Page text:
In this particular instance, I have not just come the acronym “KISS” before, but, and this is unusual, I actually remember what it means:

      KISS = Keep It Simply Stupid

  9. Everyone,

    Pyramyd has scheduled a new blog for tomorrow — March 27. No new blog is scheduled today.

    I woke up late and am fuzzy so please don’t ask me a question.


  10. Even should BB recover fully, it may behoove us, if such is possible, to find another site where our comments or opinions will at least be looked at, if not listened to. I am certain that the new Pyramyd AIR would just as soon shed themselves of us as continue to financially support this. They are primarily concerned with profits after all.

    It is good to read/hear something out of you BB. We at least know you are still on our side of the Great Divide. That is rather selfish of us, but I do hope that you understand.

    • RR,

      Please relax. Pyramyd AIR is trying to post blogs without my help, but they don’t understand what you guys are doing as far as the comments go. They were unaware they needed to inform you about the possibility of no blog being posted today.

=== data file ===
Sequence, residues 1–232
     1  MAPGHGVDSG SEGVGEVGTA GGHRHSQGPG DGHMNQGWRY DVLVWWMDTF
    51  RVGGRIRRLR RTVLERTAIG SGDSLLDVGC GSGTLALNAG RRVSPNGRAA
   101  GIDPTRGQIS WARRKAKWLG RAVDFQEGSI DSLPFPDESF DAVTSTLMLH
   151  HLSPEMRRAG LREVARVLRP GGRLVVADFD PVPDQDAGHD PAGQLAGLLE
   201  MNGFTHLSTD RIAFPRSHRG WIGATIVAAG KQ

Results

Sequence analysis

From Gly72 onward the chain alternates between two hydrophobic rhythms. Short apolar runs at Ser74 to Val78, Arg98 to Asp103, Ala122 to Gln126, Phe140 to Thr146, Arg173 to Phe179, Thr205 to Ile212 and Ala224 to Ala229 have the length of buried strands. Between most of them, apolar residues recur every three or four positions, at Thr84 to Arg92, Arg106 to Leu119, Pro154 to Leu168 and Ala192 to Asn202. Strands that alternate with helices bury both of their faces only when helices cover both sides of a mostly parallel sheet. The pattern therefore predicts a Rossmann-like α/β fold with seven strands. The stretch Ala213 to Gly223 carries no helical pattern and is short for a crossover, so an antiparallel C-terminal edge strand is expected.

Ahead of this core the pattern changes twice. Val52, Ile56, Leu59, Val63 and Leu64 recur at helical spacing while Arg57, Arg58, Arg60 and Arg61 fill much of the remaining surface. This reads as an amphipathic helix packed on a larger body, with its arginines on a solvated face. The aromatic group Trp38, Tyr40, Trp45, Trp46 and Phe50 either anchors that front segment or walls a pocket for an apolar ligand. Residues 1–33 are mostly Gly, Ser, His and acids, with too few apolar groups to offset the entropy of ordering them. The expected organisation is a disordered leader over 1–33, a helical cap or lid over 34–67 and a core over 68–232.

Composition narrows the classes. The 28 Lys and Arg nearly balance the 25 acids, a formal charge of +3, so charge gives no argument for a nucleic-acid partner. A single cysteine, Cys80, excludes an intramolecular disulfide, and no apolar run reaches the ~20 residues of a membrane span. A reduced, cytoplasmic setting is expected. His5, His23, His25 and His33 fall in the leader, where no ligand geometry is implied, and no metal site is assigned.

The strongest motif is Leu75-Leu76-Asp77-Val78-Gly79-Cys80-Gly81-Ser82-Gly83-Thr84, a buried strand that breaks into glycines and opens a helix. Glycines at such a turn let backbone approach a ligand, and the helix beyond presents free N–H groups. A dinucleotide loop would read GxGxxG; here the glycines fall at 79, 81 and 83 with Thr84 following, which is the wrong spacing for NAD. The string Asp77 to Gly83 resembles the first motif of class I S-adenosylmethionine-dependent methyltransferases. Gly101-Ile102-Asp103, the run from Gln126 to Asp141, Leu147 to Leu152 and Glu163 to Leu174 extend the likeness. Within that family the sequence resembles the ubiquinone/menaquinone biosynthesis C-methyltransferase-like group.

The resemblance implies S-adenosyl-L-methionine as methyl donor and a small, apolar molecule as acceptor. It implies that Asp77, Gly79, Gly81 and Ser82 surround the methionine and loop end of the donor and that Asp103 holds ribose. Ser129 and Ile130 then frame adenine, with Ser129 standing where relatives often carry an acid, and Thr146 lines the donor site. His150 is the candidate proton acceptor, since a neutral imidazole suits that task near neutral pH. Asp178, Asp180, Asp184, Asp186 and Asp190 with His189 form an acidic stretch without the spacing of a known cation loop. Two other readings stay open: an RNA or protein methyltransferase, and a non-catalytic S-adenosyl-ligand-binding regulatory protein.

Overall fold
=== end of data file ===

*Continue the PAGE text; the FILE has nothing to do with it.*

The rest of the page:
Ian has written a blog and it is scheduled for tomorrow.


  11. I wonder if anyone can help with this question: Who are Pyramydair?

    The following I expect to remain unanswered: Why do the people appear hidden?

    On their website’s home page, I scrolled to the very bottom and selected “GET TO KNOW US” and then chose the option “About Us” and on the next page, a little below half way, in the chapter “Our History”, I found the name of the company founder:

    Josh Ungier.

    Furthermore and from my recollection:

    Tom Gaylord, obviously, is part of Pyramydair.
    Ian McKee is another, also employed as a writer.
    Then there’s Tyler Patner, who’s something to do with ‘Products’, and
    Ton Jones who works as, hmm, dunno.
    Val Gamerman appears to be some sort of Chief.

    Who else is part of the Pyramydair Team?

    • That sounds like a great way to replace today’s blog. What do you say, Tyler, Val, or Josh, would you care to give us the rest of the P.A story up to date, picking up where the website leaves off? I remember B.B. doing a multipart series on Josh’s backstory.

    • Hello hihihi,